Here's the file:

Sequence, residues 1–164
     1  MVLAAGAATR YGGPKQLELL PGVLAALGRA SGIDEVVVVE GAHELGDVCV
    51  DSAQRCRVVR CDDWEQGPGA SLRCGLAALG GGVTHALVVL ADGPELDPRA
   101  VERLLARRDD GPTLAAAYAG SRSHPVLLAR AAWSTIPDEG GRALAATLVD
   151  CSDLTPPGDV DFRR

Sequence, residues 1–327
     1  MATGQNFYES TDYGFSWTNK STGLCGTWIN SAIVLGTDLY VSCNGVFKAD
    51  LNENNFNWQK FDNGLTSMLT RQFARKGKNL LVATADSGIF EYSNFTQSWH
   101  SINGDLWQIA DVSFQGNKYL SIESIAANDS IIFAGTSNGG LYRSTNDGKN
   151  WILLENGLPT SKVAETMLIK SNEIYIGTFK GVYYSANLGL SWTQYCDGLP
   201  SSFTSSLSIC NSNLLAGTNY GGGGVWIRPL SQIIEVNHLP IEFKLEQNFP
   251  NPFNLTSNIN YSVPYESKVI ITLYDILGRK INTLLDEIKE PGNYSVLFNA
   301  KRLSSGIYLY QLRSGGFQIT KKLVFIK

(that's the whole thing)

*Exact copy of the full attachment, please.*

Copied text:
Sequence, residues 1–164
     1  MVLAAGAATR YGGPKQLELL PGVLAALGRA SGIDEVVVVE GAHELGDVCV
    51  DSAQRCRVVR CDDWEQGPGA SLRCGLAALG GGVTHALVVL ADGPELDPRA
   101  VERLLARRDD GPTLAAAYAG SRSHPVLLAR AAWSTIPDEG GRALAATLVD
   151  CSDLTPPGDV DFRR

Sequence, residues 1–327
     1  MATGQNFYES TDYGFSWTNK STGLCGTWIN SAIVLGTDLY VSCNGVFKAD
    51  LNENNFNWQK FDNGLTSMLT RQFARKGKNL LVATADSGIF EYSNFTQSWH
   101  SINGDLWQIA DVSFQGNKYL SIESIAANDS IIFAGTSNGG LYRSTNDGKN
   151  WILLENGLPT SKVAETMLIK SNEIYIGTFK GVYYSANLGL SWTQYCDGLP
   201  SSFTSSLSIC NSNLLAGTNY GGGGVWIRPL SQIIEVNHLP IEFKLEQNFP
   251  NPFNLTSNIN YSVPYESKVI ITLYDILGRK INTLLDEIKE PGNYSVLFNA
   301  KRLSSGIYLY QLRSGGFQIT KKLVFIK